We had a lot of activity out front on the two Saturdays. We had the tent, two blow-up play areas for kids, another tent with cooking demonstrations, and the radio stations were also cooking and giving away food. So it really made a big visual impact on the thoroughfare out front.

We partnered with three local companies. We had a fence company out there showing their products, we had a company showcasing playsets, and we had a company that sold gas grills showcasing their products.

We also did an insert in the newspaper — two pages, full color — that went to the full circulation of about 115,000 people. So that’s how we spread our advertising dollars around.

So you guys really stuck your necks out. Were you apprehensive about the turnout?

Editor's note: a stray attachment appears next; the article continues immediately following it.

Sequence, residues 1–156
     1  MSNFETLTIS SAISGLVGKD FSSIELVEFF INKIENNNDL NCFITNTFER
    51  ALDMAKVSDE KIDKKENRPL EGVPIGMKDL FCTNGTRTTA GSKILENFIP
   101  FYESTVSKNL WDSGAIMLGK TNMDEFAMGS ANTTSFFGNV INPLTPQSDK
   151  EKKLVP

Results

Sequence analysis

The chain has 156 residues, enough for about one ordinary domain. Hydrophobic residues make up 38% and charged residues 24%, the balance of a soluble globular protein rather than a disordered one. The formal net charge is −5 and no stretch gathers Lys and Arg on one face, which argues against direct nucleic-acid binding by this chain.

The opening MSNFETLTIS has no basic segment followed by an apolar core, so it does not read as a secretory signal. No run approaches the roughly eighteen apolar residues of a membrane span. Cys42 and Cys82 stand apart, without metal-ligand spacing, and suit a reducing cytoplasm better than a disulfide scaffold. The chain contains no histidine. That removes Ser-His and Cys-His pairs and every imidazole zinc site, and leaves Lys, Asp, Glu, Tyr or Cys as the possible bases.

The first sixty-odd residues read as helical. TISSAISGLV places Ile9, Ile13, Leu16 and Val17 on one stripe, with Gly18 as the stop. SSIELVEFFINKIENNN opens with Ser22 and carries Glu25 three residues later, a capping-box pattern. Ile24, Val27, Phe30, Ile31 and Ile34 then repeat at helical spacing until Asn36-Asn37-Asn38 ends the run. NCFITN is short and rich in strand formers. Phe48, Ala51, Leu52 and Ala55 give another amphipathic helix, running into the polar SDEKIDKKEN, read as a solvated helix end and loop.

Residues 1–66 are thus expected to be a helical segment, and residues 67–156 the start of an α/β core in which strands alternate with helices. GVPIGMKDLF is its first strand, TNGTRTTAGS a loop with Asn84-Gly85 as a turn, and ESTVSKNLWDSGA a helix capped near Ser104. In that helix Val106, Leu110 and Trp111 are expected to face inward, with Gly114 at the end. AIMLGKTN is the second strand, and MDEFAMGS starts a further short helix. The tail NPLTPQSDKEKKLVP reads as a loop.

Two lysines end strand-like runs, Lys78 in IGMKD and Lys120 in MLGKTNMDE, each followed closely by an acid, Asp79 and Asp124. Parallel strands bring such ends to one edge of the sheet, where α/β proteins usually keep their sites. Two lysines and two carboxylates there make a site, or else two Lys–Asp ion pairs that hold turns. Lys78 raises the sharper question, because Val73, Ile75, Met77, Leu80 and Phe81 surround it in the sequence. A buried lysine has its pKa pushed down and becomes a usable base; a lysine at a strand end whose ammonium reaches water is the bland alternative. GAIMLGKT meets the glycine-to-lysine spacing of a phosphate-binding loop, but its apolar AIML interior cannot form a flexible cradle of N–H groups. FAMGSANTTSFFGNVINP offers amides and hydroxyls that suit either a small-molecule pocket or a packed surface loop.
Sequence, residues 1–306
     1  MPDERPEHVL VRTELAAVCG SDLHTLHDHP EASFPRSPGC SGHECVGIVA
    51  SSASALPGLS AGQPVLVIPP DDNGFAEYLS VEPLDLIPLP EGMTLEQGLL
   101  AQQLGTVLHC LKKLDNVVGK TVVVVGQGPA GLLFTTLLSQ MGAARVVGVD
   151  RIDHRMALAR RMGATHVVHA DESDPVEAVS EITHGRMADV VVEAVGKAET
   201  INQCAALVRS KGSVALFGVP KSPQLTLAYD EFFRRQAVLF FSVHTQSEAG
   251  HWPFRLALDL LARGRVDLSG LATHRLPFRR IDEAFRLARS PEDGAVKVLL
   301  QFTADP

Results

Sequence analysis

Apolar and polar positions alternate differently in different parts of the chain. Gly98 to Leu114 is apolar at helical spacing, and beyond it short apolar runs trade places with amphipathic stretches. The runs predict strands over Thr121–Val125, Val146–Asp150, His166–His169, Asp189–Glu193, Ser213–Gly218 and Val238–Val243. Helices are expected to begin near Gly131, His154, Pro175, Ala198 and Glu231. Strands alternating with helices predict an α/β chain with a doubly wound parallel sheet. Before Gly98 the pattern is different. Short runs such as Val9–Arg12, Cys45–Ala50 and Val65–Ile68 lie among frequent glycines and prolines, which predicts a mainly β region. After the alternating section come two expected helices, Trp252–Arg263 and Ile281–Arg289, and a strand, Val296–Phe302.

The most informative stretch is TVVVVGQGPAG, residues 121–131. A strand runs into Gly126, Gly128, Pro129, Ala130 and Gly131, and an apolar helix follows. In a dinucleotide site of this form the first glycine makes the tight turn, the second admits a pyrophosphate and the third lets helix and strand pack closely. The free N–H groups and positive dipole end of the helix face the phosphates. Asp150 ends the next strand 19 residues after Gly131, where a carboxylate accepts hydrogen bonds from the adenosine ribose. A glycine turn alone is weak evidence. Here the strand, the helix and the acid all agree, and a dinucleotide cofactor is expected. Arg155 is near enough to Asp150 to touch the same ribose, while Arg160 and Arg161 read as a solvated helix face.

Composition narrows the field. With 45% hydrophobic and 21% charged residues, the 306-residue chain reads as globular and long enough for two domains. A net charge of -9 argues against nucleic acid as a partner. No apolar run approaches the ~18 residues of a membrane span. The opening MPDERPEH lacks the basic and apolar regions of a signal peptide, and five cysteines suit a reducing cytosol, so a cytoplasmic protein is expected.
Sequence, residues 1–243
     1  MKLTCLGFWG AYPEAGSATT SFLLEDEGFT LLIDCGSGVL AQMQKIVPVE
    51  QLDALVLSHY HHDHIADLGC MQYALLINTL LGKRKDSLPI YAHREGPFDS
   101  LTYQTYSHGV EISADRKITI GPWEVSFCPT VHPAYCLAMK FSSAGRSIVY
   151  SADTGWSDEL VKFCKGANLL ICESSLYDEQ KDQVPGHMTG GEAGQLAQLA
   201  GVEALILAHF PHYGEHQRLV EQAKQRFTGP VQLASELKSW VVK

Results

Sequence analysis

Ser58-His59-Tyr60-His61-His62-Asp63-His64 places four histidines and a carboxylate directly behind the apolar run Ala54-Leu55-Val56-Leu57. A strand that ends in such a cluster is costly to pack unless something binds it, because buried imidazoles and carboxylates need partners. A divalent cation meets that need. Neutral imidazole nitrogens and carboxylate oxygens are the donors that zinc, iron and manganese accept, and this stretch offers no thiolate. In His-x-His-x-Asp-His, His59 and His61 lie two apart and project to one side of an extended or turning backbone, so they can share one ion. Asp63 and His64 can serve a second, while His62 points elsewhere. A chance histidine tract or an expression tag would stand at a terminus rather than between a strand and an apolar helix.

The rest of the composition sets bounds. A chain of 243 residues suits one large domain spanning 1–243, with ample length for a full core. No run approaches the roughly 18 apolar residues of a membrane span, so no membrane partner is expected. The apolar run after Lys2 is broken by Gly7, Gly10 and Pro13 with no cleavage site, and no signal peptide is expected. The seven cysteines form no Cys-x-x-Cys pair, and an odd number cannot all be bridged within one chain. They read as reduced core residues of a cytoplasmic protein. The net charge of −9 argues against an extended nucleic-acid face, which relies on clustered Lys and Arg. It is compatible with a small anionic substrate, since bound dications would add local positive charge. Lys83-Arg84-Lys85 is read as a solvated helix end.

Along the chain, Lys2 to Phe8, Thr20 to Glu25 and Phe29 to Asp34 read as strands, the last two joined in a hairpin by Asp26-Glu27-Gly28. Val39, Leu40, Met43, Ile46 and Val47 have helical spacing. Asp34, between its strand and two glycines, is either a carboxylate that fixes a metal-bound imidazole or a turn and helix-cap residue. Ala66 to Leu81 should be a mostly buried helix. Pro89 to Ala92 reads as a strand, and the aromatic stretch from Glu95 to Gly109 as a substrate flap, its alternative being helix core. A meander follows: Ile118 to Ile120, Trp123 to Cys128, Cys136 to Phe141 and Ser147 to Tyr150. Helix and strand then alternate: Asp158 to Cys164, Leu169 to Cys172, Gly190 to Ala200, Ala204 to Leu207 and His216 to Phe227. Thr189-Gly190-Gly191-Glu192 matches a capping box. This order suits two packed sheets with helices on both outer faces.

We weren’t really nervous about the turnout on the first open house, because we had done that for many years successfully. But we didn’t know what the outcome was going to be of taking all of that home show advertising budget and throwing it into a second open house. And quite honestly, I took the 10-day period that encompassed the home show and open house last year and compared the revenue of the two open houses and revenues jumped about 90 percent. There was a lot of apprehension about the second open house, but I was really excited because it actually generated more dollars than the first one. Going into the event I would have been happy with half the revenues and half the layaways we got, so it far exceeded our expectations. And it’ll be something we definitely repeat every year.

Were these buyers people who had shopped at your store before?